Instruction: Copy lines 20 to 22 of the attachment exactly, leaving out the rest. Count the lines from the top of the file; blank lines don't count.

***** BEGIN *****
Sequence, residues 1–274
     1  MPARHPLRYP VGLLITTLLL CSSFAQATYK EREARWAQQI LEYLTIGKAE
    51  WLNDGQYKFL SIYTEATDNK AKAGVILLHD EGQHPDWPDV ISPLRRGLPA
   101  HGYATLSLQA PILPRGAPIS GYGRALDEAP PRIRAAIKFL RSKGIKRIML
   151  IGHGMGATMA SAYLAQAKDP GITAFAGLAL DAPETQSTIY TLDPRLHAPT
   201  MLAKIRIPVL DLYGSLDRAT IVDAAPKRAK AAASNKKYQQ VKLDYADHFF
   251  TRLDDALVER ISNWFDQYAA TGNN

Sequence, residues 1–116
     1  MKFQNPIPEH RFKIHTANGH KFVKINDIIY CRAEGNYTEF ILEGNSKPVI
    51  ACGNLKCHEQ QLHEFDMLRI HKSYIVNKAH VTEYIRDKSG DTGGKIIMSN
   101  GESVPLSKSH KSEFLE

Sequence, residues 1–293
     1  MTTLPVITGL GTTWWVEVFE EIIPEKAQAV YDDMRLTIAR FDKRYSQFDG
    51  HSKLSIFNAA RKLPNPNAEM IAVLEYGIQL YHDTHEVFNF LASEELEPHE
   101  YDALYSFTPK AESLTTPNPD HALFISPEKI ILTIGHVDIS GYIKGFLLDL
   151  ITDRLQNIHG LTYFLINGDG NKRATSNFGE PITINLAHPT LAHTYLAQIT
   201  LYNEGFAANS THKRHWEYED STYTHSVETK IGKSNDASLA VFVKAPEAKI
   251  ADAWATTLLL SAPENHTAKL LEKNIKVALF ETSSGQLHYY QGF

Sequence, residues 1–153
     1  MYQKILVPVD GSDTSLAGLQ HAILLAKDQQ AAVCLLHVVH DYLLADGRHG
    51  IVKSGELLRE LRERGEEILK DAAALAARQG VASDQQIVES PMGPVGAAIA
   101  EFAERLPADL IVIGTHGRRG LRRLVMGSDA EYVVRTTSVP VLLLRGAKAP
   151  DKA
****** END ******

     1  MYQKILVPVD GSDTSLAGLQ HAILLAKDQQ AAVCLLHVVH DYLLADGRHG
    51  IVKSGELLRE LRERGEEILK DAAALAARQG VASDQQIVES PMGPVGAAIA
   101  EFAERLPADL IVIGTHGRRG LRRLVMGSDA EYVVRTTSVP VLLLRGAKAP